TOP INVESTMENT bank Goldman Sachs has joined the industry’s drive to clean up behaviour and show a more considerate, less greedy side to the sector with a new business standards report published yesterday.
The firm’s reputation took a series of blows following the crisis, including when a former employee published a book alleging Goldman Sachs’ staff called clients “muppets” in internal conversations.
Staff will now have to run products through more layers of management before selling them to clients in a new effort to improve service, will see their bonuses based partly on good behaviour as well as financial performance, and will face additional public scrutiny as more information is published about their activities.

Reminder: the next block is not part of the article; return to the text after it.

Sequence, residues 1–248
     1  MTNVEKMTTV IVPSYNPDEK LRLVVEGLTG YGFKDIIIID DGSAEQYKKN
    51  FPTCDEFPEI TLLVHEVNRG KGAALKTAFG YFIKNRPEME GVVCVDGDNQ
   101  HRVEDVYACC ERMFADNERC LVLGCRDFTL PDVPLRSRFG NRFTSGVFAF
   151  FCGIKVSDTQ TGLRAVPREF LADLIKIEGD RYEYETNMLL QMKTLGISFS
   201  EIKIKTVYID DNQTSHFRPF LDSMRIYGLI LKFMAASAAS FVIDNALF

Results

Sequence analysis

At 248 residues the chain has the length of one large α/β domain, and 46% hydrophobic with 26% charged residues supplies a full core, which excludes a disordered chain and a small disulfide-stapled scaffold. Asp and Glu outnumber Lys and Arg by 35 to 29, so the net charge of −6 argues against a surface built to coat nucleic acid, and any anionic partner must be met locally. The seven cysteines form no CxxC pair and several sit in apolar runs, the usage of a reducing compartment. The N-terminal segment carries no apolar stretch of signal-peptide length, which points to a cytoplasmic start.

Extra scrutiny from senior staff is now given to transactions where clients can lose or gain large sums; markets may be moved significantly; where large hedges are required; where public filings are needed; and when clients are making substantial financial commitments.
The report involved chief executive and chairman Lloyd Blankfein, 450 partners and 1,900 managing directors as well as tens of thousands of hours to plan and around 100,000 hours to implement through enhanced training sessions, the bank said.
“We’re a great believer, as a firm, in individuals and judgment and how important it is to fill jobs with the best people,” said Blankfein, as the report was unveiled at the annual shareholder meeting.
“But unless you have process and stop the clocks so that people of good judgment have the time and the incentive to exercise that judgment, then you don’t necessarily benefit from their good judgment.”
The bank’s shares fell 1.2 per cent yesterday to $157.41.